The Miller Annex is owned by Seattle Parks and Recreation and is connected to the Meany Middle School building in the Capitol Hill neighborhood. As part of the Seattle Preschool Program Action Plan, the Seattle voters set aside $8.5 million to support the expansion, renovation, or improvement of early education facilities to help ease the pressure on early learning providers to find usable space for preschool classrooms.
“Our investment in remodeling Miller Annex represents one of the most important commitments to our Seattle Preschool Program providers,” said Department of Education and Early Learning Director Dwane Chappelle. “We know that preschools in the City of Seattle are feeling the squeeze of higher rents and more competition for licensable space. That is why our Department is prioritizing the renovation, building and acquisition of more preschool classroom space.”
Construction broke ground in March on the 4-classroom preschool center which will serve up to 80 children and significantly contribute to the Seattle Preschool Program’s expansion goals. Two classrooms will open in the spring of 2018 and all four classrooms will be open for operation for the 2018-19 school year.
Launch has operated high quality preschool for 17 years in the Seattle area and was selected due to their strong commitment to implementing a holistic approach to improving outcomes for children of color. Launch will be guaranteed a lease agreement with Seattle Parks and Recreation for the Miller Annex space through the 2018-19 school year. Launch has been a participant with Seattle Preschool Program since the first year of the program and consistently provides high quality preschool.
The Department of Education and Early Learning invested $1.7 million of Seattle Preschool Program Levy funds for the tenant improvements.
Today, the Mayor’s Education Summit Advisory Group, comprised of 32 representatives from Seattle Public Schools, the City of Seattle, community leaders, parents, business and philanthropy, presented a set of recommendations aimed at ensuring all Seattle students are set up for academic success, post-secondary education and future careers, with an emphasis on improving outcomes for African American/Black students. These recommendations reflect the mission laid out by Mayor Murray earlier this year to address the opportunity gap in our schools, and the Advisory Group’s “north star,” which envisions “a city where all children of all races and ethnicities can thrive and succeed.”
The Mayor’s Education Summit Advisory Group was developed to formulate recommendations in response to feedback from over 1,300 people from 20 community conversations, nearly 200 online survey responses and 500 attendees of the day-long Education Summit held in April.
“The Advisory Group delivered ambitious recommendations and we will develop an equally aggressive action plan to ensure every one of our students has access to opportunity,” said Mayor Murray. “We will need collaboration to address these disparities, which is why the relationship being built between the City, the School District and the private sector is so important. By forming this partnership and implementing an action plan together, we can make real progress in making sure every student will graduate ready to thrive in our growing economy.”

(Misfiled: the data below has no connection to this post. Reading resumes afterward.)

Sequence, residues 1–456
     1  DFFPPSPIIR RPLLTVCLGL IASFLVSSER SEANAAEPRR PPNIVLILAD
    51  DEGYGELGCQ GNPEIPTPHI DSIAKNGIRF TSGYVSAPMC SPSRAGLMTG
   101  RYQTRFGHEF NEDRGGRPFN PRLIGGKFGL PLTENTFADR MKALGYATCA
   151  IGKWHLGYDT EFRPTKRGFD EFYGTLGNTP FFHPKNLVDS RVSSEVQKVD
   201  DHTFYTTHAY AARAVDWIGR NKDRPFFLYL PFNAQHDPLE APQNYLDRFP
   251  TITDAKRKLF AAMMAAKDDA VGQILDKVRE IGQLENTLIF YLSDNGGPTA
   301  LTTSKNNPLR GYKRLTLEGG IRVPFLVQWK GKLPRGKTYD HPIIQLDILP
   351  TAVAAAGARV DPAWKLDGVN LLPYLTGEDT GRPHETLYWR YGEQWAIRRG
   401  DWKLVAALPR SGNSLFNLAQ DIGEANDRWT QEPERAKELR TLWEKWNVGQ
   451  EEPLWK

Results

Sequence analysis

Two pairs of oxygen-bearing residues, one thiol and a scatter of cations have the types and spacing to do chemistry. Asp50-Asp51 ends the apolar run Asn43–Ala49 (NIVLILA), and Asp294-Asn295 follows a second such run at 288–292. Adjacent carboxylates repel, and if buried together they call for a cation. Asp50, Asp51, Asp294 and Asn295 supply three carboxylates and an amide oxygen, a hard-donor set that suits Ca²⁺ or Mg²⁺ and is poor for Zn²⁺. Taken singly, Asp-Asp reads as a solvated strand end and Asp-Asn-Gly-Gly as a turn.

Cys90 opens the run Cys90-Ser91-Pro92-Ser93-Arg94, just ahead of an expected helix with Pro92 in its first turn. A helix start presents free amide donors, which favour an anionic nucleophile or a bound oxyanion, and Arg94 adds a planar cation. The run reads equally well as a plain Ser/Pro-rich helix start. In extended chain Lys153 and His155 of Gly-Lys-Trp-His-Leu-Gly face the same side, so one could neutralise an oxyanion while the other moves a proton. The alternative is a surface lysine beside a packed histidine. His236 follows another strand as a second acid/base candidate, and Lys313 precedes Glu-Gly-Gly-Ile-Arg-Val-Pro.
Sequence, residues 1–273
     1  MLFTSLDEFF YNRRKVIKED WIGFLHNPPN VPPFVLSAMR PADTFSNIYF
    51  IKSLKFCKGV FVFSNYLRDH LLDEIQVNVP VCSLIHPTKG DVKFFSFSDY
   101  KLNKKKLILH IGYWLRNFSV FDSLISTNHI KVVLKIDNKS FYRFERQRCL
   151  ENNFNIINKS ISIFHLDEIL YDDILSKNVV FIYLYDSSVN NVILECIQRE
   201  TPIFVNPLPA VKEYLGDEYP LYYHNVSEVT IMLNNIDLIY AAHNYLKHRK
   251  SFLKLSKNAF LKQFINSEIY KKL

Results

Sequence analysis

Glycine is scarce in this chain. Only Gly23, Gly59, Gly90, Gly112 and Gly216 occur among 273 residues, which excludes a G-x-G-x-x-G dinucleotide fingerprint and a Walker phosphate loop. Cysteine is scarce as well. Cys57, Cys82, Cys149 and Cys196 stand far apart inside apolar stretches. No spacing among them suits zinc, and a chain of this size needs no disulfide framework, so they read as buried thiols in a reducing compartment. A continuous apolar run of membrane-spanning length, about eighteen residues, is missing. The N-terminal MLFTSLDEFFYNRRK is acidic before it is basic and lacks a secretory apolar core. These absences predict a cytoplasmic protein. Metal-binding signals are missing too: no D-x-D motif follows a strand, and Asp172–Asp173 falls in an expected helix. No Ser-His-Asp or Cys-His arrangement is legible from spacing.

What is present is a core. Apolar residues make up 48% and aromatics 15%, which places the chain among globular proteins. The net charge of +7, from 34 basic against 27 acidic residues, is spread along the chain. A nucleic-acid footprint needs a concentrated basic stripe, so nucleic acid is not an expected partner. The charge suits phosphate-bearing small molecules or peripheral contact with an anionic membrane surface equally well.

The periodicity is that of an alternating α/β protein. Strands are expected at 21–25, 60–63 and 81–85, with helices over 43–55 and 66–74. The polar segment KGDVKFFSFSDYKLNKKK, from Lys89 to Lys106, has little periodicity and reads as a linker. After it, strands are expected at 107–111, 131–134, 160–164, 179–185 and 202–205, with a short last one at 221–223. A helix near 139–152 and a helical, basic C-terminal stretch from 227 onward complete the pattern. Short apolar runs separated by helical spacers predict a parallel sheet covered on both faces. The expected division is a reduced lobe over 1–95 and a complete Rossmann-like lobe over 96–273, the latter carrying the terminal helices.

The Advisory Group recommendations include a variety of programs for students of all ages, from early learning through high school and beyond. The group concentrated its work in four areas: improving access to high quality learning opportunities and programs, creating positive, supportive and high quality teaching and learning opportunities, providing authentic family and community support and engagement and strengthening post-secondary access and attainment. They have identified criteria for prioritizing the recommendations, including those most important in having an impact on the opportunity gap as it relates to African American/Black students and other students of color, those that can be implemented in the short-term and those the City can have the greatest impact on.
“Seattle Public Schools (SPS) and the City of Seattle are committed to eliminating gaps in educational access, removing barriers to success and improving academic outcomes for students who have been historically underserved. Eliminating opportunity gaps is the issue of our time and together, we are committed to this vision. As a district we can’t do it alone. Working together, we can ensure every student thrives and succeeds. “said Superintendent Dr. Nyland
When Mayor Murray first issued the challenge at the Education Summit this Spring, he called on the group to develop solutions that would address disparities for African American/Black students and other students of color. A recent Stanford University study ranks Seattle as having the fifth-biggest gap in achievement between African American/Black and White students among major cities. Several recommendations addressing this need are already reflected by investments in the Mayor’s 2017 budget proposal. Those include:
- Expanding the My Brother’s Keeper mentoring program for African American/Black male students from Aki Kurose Middle School to five additional middle schools.
- Expanding the innovation school model, which has been successful addressing disparities in middle school around attendance, behavior and curricula, to a high school.
- Broadening the City’s Summer Learning Program to serve an additional 200 students, with an emphasis on programs offering culturally specific curriculum.
- Investing in post-secondary programs that ensure students who graduate from high school remain engaged during the summer and successfully enroll in college.
Council President Bruce Harrell added, “Melinda Gates put it best when she said, ‘Education is the key to opportunity, and the opportunity is not equal.’ In order to close the achievement gap and build a pathway to success for all children, especially students of color and those from low-income families, we need to make direct investments at three levels. My goal is to be able to tell every child in Seattle they can go to preschool when early brain development is critical, have the tools and mentoring to graduate from high school, and the opportunity to attend a college even if they can’t afford the tuition. The work of this Education Summit has been unprecedented in bringing all stakeholders together to achieve a common purpose of helping our students, teachers, parents, and administrators.”